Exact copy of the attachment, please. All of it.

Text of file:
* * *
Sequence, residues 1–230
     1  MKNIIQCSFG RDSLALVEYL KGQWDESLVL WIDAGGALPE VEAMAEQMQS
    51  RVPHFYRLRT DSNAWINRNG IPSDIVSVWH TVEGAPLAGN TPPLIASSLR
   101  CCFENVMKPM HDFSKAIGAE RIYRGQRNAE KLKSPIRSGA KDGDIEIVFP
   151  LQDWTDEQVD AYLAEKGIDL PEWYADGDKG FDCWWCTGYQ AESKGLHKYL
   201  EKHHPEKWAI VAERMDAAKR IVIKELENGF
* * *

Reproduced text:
Sequence, residues 1–230
     1  MKNIIQCSFG RDSLALVEYL KGQWDESLVL WIDAGGALPE VEAMAEQMQS
    51  RVPHFYRLRT DSNAWINRNG IPSDIVSVWH TVEGAPLAGN TPPLIASSLR
   101  CCFENVMKPM HDFSKAIGAE RIYRGQRNAE KLKSPIRSGA KDGDIEIVFP
   151  LQDWTDEQVD AYLAEKGIDL PEWYADGDKG FDCWWCTGYQ AESKGLHKYL
   201  EKHHPEKWAI VAERMDAAKR IVIKELENGF